Share on ThriftyFunThis guide contains the following solutions. Have something to add? Please share your solution!
Never use liquid fabric softener in your clothes washer! By doing so, you will cause yourself more service calls (repair costs!), and ultimately lessen the life expectancy of your washer.
Fabric softener coats and clogs the hoses (and other parts, depending on the type of washer you have). I am not a repairman, but spent many years working for a major retailer supervising a customer service group specializing in major appliance "issues". I worked closely with senior technical assist repair personnel with 20 plus years field experience that passed on several "words of wisdom" to me.
I remember the day I asked this one extremely experienced tech "Well, if liquid fabric softener shouldn't be used in clothes washers, then why are special compartments made ON some washers specifically FOR fabric softener?" (Thinking I had him!). He responded with a grin on his face "Because that is what consumers want on their washers for "convenience". In turn, manufacturers give consumers want, they want, not necessarily what they need (or in this case DON'T need)." Oh, I get it now, we, as consumers, are to blame for our own desire for conveniences.
In response to the folks out there with musty towels. We've tried a lot of approaches and only one actually worked. The first thing we did was get rid of the liquid fabric softener. We then cleaned the washing machine by brush, using bleach and water.
We found that by running through 2 full hot water loads using only oxy clean and white vinegar (2 cups) that the machine smelled much better. We then washed our clothes using a mixture of oxy clean and borax with the white vinegar in the rinse dispenser. Works like a charm. The culprit is the Downey type products. They are not good for the machine, the pipes or the clothes. You must try this, if you want to end the problem, for once and for all. Good Luck
By Joe V. from Liverpool
One alternative to buying fabric softener sheets is using diluted liquid softener sprayed on a cloth or piece of interfacing that is added to the clothing in your dryer. This is a guide about using liquid fabric softener instead of dryer sheets.
Ask a QuestionHere are the questions asked by community members. Read on to see the answers provided by the ThriftyFun community or ask a new question.
I have been using dryer sheets to soften my clothes in the dryer for a while now. Recently, I found a deal on liquid fabric softener that I couldn't pass up (free!), and am wondering if anyone has tips on using liquid softener in a machine without an automatic dispenser. I know one company sells a ball to use, but I don't know whether that works or if it's even worth the expense. I really appreciate any ideas! Thanks!
For Amy who was given liquid fabric softener. I, too, was given a free gallon. I've read that you can pour a tablespoon or two onto an old washcloth or rag or something and toss into the dryer with your wet clothes. Since our water is naturally soft, I only use fabric softener with my husband's socks to cut down on the static cling. I have an old, holey potholder that I pour the fabric softener onto. Works well.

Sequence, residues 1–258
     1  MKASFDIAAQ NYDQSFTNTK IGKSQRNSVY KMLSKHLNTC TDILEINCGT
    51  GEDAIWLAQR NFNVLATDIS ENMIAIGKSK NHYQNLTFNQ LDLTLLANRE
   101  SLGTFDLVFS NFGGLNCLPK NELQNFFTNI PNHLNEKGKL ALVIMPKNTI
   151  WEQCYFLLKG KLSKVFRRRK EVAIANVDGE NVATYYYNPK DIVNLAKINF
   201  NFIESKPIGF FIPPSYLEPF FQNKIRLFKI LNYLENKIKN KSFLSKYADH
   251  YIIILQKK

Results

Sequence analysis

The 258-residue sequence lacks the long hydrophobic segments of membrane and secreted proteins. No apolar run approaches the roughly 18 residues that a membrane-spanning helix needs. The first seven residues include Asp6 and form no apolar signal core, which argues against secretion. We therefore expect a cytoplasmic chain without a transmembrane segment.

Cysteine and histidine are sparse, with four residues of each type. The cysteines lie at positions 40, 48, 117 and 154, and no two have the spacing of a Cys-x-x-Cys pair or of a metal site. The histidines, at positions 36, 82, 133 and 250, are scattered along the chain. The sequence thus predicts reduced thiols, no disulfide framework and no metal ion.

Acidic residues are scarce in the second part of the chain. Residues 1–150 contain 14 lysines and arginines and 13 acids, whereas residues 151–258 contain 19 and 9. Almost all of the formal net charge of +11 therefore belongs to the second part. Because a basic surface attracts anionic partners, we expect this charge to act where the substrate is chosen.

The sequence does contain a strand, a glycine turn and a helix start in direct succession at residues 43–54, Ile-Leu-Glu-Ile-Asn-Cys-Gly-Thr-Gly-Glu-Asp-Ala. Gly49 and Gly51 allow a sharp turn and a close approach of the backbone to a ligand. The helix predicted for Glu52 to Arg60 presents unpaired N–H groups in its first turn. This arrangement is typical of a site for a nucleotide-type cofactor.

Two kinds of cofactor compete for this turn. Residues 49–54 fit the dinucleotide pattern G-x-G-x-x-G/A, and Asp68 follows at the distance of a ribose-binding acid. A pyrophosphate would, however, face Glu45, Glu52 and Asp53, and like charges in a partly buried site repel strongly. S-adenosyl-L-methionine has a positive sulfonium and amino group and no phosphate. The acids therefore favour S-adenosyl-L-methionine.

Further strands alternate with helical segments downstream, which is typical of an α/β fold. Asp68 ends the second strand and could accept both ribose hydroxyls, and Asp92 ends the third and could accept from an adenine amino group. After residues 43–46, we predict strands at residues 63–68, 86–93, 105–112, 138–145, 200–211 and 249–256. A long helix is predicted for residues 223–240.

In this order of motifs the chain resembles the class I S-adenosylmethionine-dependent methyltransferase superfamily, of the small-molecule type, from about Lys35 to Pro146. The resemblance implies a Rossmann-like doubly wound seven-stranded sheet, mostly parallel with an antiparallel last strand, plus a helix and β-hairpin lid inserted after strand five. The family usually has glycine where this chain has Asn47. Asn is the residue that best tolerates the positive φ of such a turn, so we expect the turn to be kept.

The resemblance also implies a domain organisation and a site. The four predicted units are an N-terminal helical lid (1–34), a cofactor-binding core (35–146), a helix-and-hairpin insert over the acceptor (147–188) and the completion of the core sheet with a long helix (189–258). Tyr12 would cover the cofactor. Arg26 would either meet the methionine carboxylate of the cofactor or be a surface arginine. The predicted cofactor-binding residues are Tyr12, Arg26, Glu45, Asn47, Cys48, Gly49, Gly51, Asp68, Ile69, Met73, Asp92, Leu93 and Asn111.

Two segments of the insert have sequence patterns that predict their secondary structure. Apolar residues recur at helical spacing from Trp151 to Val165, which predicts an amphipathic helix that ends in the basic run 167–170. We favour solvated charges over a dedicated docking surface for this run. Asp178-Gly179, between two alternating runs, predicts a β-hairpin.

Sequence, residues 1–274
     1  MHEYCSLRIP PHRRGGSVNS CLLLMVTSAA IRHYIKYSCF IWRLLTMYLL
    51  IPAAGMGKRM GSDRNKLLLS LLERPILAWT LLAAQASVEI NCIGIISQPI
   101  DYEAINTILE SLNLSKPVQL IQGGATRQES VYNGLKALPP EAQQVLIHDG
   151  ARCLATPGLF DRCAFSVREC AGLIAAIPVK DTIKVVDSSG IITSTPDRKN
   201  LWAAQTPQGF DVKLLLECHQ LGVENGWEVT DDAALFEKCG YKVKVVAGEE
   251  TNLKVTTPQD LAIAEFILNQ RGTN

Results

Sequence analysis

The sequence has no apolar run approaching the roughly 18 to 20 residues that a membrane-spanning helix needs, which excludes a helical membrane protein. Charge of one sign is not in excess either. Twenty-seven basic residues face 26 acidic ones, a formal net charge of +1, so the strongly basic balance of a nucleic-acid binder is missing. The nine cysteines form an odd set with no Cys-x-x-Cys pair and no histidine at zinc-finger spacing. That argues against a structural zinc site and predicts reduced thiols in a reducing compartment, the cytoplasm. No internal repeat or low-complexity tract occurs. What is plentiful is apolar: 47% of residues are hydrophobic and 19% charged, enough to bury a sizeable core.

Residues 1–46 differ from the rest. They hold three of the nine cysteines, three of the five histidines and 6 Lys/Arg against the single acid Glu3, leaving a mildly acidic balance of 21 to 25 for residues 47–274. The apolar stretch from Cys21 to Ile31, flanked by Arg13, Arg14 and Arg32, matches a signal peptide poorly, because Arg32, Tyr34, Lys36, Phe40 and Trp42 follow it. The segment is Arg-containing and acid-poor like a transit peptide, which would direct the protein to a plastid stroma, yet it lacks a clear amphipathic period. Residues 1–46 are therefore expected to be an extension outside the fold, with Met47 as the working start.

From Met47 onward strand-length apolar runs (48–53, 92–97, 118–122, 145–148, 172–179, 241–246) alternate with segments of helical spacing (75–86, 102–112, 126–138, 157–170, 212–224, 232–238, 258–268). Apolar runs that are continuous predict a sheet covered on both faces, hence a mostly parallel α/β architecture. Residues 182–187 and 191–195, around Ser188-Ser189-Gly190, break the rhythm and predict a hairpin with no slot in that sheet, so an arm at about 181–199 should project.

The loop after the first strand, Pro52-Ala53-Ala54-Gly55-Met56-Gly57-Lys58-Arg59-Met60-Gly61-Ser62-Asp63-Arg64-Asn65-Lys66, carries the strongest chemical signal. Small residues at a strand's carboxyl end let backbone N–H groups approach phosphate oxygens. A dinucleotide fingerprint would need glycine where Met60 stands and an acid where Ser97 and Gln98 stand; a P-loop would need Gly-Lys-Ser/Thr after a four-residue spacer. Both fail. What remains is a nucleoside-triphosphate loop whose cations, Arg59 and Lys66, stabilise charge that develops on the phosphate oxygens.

If you don't get the answer you want; here's an idea. Wet a wash cloth with the fabric softener and throw it in the dryer with the laundry that needs to be dryed.
Kathy, Shari and Jaycee
I have used the Downy ball for fabric softener in my machine for years and it works great! You don't have to worry about putting the fabric softener during the rinse cycle, you just put it in with the detergent and go on with your other chores! I'd say it's definitely worth the minor expense!
Jen - Denton, MD
I use the fabric softener ball, and it works very well. It does open when it is in the rinse cycle. I got the fabric softener ball free, because I contacted the company and they sent me a coupon.
Carol, Hobbs, NM
One good way to use liquid fabric softener frugally is to dilute 2 or 3 caps full with ~3 or 4 cups of water in a covered plastic container. Place regular kitchen sponges cut in half in the container. When you are ready to put a load in the dryer, squeeze the sponge almost dry and throw in the dryer as you would a fabric softener sheet. This does the same as a fabric softener sheet and makes your liquid softener go a long, long way. Put the sponge back in the bucket when the clothes are dry for the next use.
Shellie and Cheryl Fox
The ball made for liquid softener works great unless your doing a second rinse on a load, then it must go in after the first rinse so it doesn't get rinsed out. I have used liquid in the dryer by just pouring a small amount on a clean dry washcloth, scrunching it up to make sure there are no drippies, and throwing it in the dryer with the wet load. The washcloth can be used up to 2 times before more softener is needed and can occasionally be laundered so it doesn't get crunchy :-)
KC - Austin, TX
The Downey ball fabric softener dispenser works pretty well. I like to dilute the softener a little. It still gives good results without "oversoftening".
Diane - Milledgeville, GA
I use liquid softener diluted with water in a spray dispenser, spray into dryer on wet clothes and this works great and I no longer buy dryer sheets! Which it seems like I was always doing!
TA in Colorado